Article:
The MSRP, or manufacture’s suggested retail price, is
the rate at which a manufacture recommends to a dealer
to sell their products for.
The price of a bike after a dealer adds on fees. For
example, many dealers tack on a shipping and assembly
fee to the price of a bike. Sales tax is usually
excluded from this estimate.
If we stereotyped bikes from different counties it would
go a little like this. Taiwan is one of the largest
scooter producers and they have a high standard for
quality. China is known for their inexpensive, and often
unreliable bikes. Italy produces high performance bikes,
at an extremely high cost. We've found that mopeds made
in India are a good bargain; you get a decent amount of
performance for the amount you pay. Mexican bikes are
good, but a bit overpriced.
Most commonly found in scooters and mopeds are
two-stroke engines. They provide good acceleration, are
durable, and generally cost less than a four-stroke
engine. A four-stroke engine tends to vibrate less than
a two-stroke, gets better gas mileage, and lasts longer.
However, you will compromise your speed by a couple
miles per hour if you go with a four-stroke rather than
A lighter bike is easier to control than a heavier one.
Heavier bikes are usually larger bikes, which means that
it will probably be more comfortable for two-seater.
The term "average top speed" can be misleading. Even
though two bikes have the same size engines it doesn't
mean they will go the same speed. The type of
transmission, bike weight, and the weight of passengers
have a large influence on speed. When comparing the top
speed of two bikes you should keep in mind potential top
Most scooters and mopeds have an air-cooled engine. Even
though a liquid-cooled engine is better, the air-cooled
one works extremely well with smaller engines (49cc).
Liquid cooled engines are often found on larger bikes
The displacement of a bike will tell you how large the
engine cylinder is. For example, a 49cc engine has a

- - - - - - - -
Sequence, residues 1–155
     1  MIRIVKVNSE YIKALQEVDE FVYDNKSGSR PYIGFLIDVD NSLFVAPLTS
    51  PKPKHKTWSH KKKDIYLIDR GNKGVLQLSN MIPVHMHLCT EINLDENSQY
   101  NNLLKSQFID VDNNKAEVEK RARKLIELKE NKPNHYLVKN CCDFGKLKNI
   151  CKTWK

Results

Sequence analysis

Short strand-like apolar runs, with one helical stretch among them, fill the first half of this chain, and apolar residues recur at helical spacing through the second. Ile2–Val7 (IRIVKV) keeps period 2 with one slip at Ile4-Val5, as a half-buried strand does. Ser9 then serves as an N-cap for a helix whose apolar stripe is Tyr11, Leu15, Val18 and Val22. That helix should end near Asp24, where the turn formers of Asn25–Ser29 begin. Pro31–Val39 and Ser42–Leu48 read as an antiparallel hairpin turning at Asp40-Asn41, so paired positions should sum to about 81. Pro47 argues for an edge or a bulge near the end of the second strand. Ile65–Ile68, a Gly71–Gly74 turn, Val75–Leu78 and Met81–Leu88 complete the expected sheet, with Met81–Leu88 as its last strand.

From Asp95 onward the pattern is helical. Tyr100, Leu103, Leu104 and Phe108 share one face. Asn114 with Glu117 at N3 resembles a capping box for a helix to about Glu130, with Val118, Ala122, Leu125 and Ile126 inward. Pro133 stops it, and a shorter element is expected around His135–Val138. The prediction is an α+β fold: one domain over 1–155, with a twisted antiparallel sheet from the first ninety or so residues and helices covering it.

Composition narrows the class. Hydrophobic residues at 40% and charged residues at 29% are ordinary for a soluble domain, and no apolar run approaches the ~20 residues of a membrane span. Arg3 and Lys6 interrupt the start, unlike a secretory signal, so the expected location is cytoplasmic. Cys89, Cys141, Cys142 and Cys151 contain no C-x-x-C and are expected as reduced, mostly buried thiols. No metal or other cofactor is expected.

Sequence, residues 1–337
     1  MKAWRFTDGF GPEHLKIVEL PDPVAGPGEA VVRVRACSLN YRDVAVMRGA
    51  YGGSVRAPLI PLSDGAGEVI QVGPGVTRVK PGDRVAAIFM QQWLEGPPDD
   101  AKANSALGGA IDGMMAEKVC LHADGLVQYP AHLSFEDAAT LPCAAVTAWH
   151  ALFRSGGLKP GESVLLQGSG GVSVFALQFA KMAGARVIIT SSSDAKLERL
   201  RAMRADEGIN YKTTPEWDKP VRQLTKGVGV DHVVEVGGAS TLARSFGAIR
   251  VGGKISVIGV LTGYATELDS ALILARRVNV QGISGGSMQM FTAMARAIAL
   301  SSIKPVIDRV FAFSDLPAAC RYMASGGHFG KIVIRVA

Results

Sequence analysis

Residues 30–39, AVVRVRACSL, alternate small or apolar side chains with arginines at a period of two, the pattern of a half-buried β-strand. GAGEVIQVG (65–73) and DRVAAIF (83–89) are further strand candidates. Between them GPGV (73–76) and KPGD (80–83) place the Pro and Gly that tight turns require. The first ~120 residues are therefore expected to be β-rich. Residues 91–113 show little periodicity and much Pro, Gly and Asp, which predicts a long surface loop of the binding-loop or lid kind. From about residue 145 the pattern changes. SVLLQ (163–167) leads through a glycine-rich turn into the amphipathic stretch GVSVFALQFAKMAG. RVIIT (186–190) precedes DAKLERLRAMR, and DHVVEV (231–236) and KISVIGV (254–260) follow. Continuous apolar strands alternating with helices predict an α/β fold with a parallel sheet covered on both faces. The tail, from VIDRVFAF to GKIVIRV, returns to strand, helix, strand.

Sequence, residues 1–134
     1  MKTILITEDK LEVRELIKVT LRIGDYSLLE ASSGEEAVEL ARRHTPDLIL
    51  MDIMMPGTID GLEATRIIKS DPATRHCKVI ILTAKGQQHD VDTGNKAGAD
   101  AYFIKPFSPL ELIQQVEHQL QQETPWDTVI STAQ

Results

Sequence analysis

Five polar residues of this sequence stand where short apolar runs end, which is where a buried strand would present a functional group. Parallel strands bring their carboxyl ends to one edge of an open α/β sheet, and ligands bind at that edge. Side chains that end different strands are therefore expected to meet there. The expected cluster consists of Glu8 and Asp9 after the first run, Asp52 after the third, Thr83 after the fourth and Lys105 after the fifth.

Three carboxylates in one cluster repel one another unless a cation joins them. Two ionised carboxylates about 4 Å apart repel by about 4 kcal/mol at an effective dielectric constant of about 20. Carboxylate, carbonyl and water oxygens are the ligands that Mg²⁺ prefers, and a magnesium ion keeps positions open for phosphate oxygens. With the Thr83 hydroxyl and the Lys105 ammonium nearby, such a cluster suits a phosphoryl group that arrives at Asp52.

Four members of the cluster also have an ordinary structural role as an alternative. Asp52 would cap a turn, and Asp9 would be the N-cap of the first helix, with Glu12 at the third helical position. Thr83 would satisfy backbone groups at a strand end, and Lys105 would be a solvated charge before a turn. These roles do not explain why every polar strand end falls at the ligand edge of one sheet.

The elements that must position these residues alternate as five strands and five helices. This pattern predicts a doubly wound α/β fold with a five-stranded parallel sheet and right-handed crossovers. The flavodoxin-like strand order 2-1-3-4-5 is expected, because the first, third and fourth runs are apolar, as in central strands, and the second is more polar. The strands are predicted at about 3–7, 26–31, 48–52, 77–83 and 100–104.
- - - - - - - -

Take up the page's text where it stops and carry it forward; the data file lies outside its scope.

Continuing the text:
piston inside its cylinder that displaces 49 cubic
centimeters of fuel for every stroke it takes. The
larger the displacement, the bigger the engine, the
faster you go.
Smaller scooters and mopeds might have a single-speed
transmission, which means it only has one gear. These
bikes are only capable of going about 30 mph. A two
speed automatic transmission will let you go a little
faster. The CVT, or Continuously Variable Transmission,
is always in gear and you never feel it shift. It gives
you the best performance available. Keep in mind while
shopping around that almost every scooter is automatic.
Only a handful of scooters (which try to look like
motorcycles) use a manual transmission.
Larger tires will give you increased stability, top
speed, and ride comfort over smaller ones. Smaller tires
will usually offer you better acceleration and control
(because of width).
Steel rims are a cheaper alternative to aluminum ones.
However, they usually don’t last as long or look as good
because they are prone to rust and the paint chipping.
Most commonly found on mopeds and scooters are drum
brakes. Their upgrades are disc brakes, which provide
superior stopping power. A good combination between the
two is a drum brake in the rear and a disc brake in the
front. Make sure the disc brake is hydraulic (similar to
power brakes on a car).
In this category you get what you pay for. In general,
lower end bikes come with a three month warranty. A
medium to high quality bike will usually give you a six
month warranty. Bikes with a superior quality have a one
year warranty. If we could give you one piece of advice
when picking out a scooter it would be this: judge a
bike by its warranty.